When it comes to getting proper sleep, most of us believe it just comes down to how many hours we get.

But if you’re not getting enough high-quality nutritious calories during the day, your body doesn’t have enough fuel to burn for energy — the energy it needs to get a good night’s sleep (because the body is busy at night, even if you’re not conscious of it).

And your diet affects your sleep quality in many other ways. It can even help maximize how restful your night of sleep is.

Work eight hours and sleep eight hours and make sure that they are not the same hours.

– T. Boone Pickens

Here are six ways to improve your sleep quality with your diet:

1. Have an early dinner

I don’t know about you, but it seems to me like everyone I know eats dinner way later than the average American family ever did.

Whether that’s true or not, eating a later dinner can have negative consequences for your sleep quality.

Why? Because consuming a big meal within hours of falling asleep means your digestive system is working on overdrive, leading to increased gastric acid production and an overactive pancreas and intestines.

All of this taken together means your system is churning and rolling while you sleep, stimulating your body and making you more restless rather than relaxed.

2. Eat frequently

While it’s common behavior to eat a breakfast, lunch, and dinner, in practice, fewer and fewer working professionals are doing just that.

Instead, the norm has become something like:

  1. Wake up, grab a coffee
  2. Snack for lunch (got to get back to that project or never-ending stream of purchase orders)
  3. Chow down immensely for dinner, as if you haven’t eaten for weeks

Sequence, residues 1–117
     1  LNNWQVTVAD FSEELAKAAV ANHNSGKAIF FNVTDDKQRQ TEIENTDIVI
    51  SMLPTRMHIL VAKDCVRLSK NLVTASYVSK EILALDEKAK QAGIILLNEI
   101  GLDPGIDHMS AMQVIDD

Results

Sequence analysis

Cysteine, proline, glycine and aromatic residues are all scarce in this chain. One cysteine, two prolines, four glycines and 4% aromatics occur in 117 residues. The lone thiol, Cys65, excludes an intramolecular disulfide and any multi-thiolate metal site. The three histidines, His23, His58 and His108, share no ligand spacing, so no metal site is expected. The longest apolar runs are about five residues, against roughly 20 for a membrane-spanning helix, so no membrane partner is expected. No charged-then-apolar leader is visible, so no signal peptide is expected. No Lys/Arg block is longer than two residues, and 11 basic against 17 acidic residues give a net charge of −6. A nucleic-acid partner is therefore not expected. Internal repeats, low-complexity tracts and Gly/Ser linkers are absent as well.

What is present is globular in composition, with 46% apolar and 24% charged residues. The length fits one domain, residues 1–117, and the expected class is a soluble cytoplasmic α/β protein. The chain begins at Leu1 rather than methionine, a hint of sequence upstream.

By sheer luck, you might be taking advantage of some intermittent fasting benefits. However, what you’re doing to your body otherwise is anything but good.

Breakfast really is the most important meal of the day, for no reason other than to restore the body after several long hours of sleep. Which takes energy, by the way. You might be asleep, but your body is executing several important functions at night, like muscle repair and filing the memories of the day away in the brain.

In addition, you need to be eating frequently to allow your body to maintain the proper balance of chemicals, many of which are important for falling asleep at night.

3. Reserve coffee for the morning

woman-sipping-starbucks-coffee
Photo Credit: Matheus Ferrero on Unsplash

I as much as anyone love the occasional afternoon Starbucks. However, coffee– and anything else with caffeine including my beloved matcha– really should be reserved for the morning unless you’re purposely pulling an all-nighter.


That’s because caffeine stays in your system for up to a whopping 12 hours, meaning that any caffeine you consume on or around lunch time might affect your ability to fall asleep and enter a restful state at night.

4. Relax with B vitamins, copper, and calcium

Certain vitamins are critical for improving your sleep quality. Others are just useful for increasing relaxation. All of these together can make a big impact on the quality of your sleep.

Here’s a quick list:

B vitamins

Several B vitamins are important for regulating the body’s serotonin production, a neurotransmitter which is critical for sleep.

Where to get B vitamins: Chicken, beef, fish such as salmon, come cereals (fortified), and bananas)

Calcium

While not a serotonin producer, calcium is a natural relaxant that calms the nervous system, settling those nerves after a long day.

Where to get calcium: Dairy such as milk and cheese and some fortified orange juice

Copper

Similar to B vitamins, this has been shown to regulate serotonin.

Where to get copper: Legumes such as beans, whole grains, potatoes, and some leafy greens

5. Monitor potential deficiencies when adopting a low-calorie dietcreate-better-habits-healthy-breakfast

Because so many different nutrients are critical for maintaining a good sleep quality, adopting a low-calorie diet means you’re risking developing a deficiency in one of these nutrients and, as a result, a deficiency in your sleep quality.

In addition to the nutrients above that help improve sleep quality and provide relaxation, low folic acid and a zinc deficiency have both been shown to cause insomnia. Low iron can also bring on a type of restless leg syndrome that can interrupt sleep.

All of these factors taken together means that when you’re dieting, you still need to make sure you’re getting enough of those critical nutrients. Otherwise, you’re not only messing up your sleep, but also everything else that good sleep helps with, such as weight loss.


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